A project to combat coastal erosion by depositing thousands of cubic metres of sand at Fremantle’s Port Beach will commence in the coming weeks.
The Port Beach Sand Nourishment Project will see up to 150,000m3 of sand dredged from Fremantle Port’s Deep Water Channel and ‘rainbowed’ onto the beach.
The project is being delivered as a partnership project by the City of Fremantle, Fremantle Ports and the Department of Transport using $3.25 million in WA Recovery Plan funding from the state government.
Fremantle Mayor Hannah Fitzhardinge said that the sand nourishment program would provide a buffer to protect landward assets against the effects of coastal erosion while also providing public amenity.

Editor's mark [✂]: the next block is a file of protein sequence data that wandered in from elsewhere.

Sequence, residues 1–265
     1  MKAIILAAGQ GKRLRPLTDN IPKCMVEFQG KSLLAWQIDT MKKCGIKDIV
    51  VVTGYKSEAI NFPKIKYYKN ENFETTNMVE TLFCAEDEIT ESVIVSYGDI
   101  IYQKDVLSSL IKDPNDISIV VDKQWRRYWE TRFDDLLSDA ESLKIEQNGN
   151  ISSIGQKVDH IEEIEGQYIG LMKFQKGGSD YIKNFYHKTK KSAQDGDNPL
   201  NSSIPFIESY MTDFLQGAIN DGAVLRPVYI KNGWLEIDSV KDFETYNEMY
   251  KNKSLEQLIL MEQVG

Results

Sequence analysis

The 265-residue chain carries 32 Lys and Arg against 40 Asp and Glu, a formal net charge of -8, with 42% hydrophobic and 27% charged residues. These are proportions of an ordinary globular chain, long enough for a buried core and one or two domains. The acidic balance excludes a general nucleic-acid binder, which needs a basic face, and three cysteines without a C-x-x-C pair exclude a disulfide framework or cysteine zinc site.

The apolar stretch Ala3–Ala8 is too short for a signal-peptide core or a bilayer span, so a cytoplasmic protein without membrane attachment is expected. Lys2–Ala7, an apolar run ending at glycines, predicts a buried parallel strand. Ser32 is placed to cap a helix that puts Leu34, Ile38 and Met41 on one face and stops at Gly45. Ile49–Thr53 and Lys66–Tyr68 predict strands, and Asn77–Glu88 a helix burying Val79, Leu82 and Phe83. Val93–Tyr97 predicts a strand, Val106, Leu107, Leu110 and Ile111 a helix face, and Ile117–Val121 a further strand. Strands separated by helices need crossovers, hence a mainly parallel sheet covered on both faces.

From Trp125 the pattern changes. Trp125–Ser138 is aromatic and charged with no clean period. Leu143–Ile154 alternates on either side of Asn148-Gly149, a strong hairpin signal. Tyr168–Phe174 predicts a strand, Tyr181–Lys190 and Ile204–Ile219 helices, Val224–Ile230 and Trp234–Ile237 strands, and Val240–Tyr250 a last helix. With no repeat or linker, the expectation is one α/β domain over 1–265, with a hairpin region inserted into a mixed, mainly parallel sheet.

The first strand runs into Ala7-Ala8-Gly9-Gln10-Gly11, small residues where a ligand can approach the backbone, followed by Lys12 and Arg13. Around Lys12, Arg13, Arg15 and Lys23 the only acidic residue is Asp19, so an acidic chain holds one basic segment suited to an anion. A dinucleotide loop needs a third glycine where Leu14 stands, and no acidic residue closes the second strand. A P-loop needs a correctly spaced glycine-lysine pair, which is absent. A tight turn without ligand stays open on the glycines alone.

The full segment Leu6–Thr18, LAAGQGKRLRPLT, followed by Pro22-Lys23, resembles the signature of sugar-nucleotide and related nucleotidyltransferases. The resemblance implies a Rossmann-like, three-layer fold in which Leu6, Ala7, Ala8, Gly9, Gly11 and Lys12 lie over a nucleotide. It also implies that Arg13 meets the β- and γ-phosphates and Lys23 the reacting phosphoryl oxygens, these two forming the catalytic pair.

“In a report released by the state government in 2019 Port Beach topped the list of WA’s coastal erosion hotspots,” Mayor Fitzhardinge said. “We’re very glad to be able to partner with the state government to deliver this project for a beach that is highly valued by locals and visitors alike.”
Fremantle Ports CEO Michael Parker added that while protection of the beach for the public was paramount, the sand renourishment had operational advantages as well in terms of maintenance of the shipping channel’s depth and ensuring a buffer for the critical Port Beach Road access to Rous Head.
The present pattern is for eroded sand from Port Beach to be transported to the north and deposited near Leighton Beach. In a bad year Port Beach can lose up to 40,000m3 of sand, however the average annual loss is around 15,000m3.
The works are intended to provide protection for up to ten years, although the actual life of the works will ultimately depend on the weather conditions experienced over the next decade.